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January 14, 2020

US ready to sign trade deal with UK after Brexit: Raab

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January 14, 2020

LONDON: Foreign Secretary Dominic Raab has said his US counterpart told him that Washington “is poised at the doorstep, pen in hand, ready to sign a deal” on trade.

Opening Queen’s Speech debate on Britain’s place in the world, Raab also said leaving the EU will give the country the chance to boost its global presence.

He told MPs: “We will strengthen our historic trade ties as we leave the EU whilst boosting Britain’s competitiveness by tapping wide and global markets.

“And we want strong trade with our existing partners — they are important and valuable as a market to us, I don’t think anyone doubts that.

“At the same time we’re making good progress in paving the way for our first round of future free trade agreements with the rest of the world, and when I was out in the US, secretary of state Mike Pompeo told me in Washington that the US is poised at the doorstep, pen in hand, ready to sign a deal.

“And a free trade deal with the US would boost businesses, it would create jobs, it would reduce the cost of living and expand consumer choice on both sides of the Atlantic. So there is a huge opportunity for a win-win deal.”

Raab added: “This year we have the opportunity — and I think the honour and the privilege — to host the UN climate change summit, COP 26, in Glasgow, and that is the UK’s chance to demonstrate global leadership on climate change.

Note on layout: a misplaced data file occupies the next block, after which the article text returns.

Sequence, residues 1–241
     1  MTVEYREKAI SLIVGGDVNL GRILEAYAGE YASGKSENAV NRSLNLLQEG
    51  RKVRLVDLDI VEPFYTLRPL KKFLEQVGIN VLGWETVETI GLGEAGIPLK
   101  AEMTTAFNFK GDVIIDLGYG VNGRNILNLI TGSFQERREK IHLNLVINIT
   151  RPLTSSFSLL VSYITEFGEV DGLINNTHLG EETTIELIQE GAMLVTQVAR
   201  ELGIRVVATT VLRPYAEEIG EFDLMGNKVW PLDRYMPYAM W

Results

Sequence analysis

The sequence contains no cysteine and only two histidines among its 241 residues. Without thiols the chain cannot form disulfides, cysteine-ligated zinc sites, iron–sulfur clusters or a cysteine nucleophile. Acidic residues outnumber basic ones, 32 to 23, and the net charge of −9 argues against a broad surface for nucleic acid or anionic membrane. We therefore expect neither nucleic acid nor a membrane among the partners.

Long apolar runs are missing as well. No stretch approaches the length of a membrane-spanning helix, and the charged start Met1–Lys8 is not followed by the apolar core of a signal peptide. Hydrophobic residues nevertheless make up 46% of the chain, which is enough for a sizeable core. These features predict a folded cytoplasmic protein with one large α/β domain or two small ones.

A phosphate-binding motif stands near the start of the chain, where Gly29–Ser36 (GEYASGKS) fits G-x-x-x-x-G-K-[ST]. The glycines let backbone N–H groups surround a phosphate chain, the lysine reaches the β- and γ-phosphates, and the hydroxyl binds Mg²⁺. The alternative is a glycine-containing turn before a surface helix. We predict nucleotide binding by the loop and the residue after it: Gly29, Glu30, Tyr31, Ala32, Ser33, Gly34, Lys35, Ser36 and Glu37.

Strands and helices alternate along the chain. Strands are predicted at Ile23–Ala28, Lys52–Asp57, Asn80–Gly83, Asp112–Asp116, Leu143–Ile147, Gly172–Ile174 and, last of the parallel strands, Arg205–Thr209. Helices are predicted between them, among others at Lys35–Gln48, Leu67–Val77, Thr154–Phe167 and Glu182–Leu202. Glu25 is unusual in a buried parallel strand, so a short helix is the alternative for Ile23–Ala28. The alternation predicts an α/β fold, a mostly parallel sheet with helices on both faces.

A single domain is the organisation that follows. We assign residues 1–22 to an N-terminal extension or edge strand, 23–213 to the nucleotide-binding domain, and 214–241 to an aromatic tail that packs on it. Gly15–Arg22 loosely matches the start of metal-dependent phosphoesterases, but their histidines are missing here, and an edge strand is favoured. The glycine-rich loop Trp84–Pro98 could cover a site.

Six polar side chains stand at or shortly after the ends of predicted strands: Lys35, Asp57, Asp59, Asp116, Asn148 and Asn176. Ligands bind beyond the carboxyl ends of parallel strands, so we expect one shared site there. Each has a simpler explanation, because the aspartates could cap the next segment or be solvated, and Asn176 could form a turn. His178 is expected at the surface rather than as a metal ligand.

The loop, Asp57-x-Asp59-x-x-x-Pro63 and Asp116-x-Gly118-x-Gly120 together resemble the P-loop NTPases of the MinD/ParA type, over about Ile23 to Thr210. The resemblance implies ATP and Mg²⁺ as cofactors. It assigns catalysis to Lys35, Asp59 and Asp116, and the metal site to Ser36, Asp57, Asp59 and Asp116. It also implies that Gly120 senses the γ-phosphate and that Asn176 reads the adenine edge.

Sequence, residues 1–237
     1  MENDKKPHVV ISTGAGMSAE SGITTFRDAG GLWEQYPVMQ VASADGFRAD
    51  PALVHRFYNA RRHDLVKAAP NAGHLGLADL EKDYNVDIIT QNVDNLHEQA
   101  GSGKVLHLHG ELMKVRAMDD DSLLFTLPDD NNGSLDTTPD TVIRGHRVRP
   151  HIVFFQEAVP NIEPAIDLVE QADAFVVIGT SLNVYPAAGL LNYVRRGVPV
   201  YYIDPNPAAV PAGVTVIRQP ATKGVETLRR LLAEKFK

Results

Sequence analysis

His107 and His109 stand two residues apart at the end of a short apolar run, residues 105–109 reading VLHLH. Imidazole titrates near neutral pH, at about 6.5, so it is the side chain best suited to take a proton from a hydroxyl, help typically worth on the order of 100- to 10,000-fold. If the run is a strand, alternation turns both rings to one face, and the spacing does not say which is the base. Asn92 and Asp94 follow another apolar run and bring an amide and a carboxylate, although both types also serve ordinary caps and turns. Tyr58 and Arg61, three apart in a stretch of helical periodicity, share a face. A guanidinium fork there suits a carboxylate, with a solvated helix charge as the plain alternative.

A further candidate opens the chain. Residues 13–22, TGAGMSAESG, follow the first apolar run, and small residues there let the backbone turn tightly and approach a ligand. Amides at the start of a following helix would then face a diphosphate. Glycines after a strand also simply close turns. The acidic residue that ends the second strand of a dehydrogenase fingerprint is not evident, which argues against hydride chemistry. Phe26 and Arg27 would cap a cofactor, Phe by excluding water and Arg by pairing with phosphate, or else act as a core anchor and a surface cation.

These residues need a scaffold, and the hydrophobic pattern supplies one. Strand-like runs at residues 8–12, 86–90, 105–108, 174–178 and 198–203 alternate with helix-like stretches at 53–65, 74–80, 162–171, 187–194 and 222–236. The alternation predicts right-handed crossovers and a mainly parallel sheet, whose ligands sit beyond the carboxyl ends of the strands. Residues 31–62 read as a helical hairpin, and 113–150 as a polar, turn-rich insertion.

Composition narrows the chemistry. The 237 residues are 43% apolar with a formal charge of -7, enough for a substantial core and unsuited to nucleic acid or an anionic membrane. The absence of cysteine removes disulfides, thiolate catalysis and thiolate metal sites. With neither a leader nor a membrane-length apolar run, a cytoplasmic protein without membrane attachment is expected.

“Under the Conservatives, we’re the first country to legislate to end our contribution to global warming.”

His opposite number, Labour leadership contender Emily Thornberry, attacked Boris Johnson’s record when he was foreign secretary, comparing him to Dorothy’s three bumbling companions in The Wizard Of Oz.

She said: “We now have a Prime Minister in place... for the next five years with no heart when it comes to human rights and civilian deaths, no brain when it comes to Donald Trump and the fate of jailed Britons, and no courage when it comes to taking on tyrants overseas.

“When it comes to foreign policy, he’s the Tin Man, the Scarecrow and the Cowardly Lion rolled into one.” She was nearly censured by deputy Commons speaker Dame Eleanor Laing following apoint of order by Tory backbencher James Gray, who questioned if her remarks were “in the highest standards of this House”.

Dame Eleanor said: “I’m sure the right honourable lady will note that I was listening very carefully and my interpretation was that had the right honourable lady said that any member of this House was a Cowardly Lion, or words to that effect, I would have stopped her. “But I have given her the benefit of the doubt in that she was drawing an allegory from a well-known piece of fiction.”

Labour’s Chi Onwurah (Newcastle upon Tyne Central) urged the Government not to become dependent on “volatile” US president Donald Trump after Brexit.

She said: “We do not want for example to be in a position of following the United States in regards to precarious working conditions, exorbitant health costs or chlorinated chicken. But these would clearly be on the table in any deal.”

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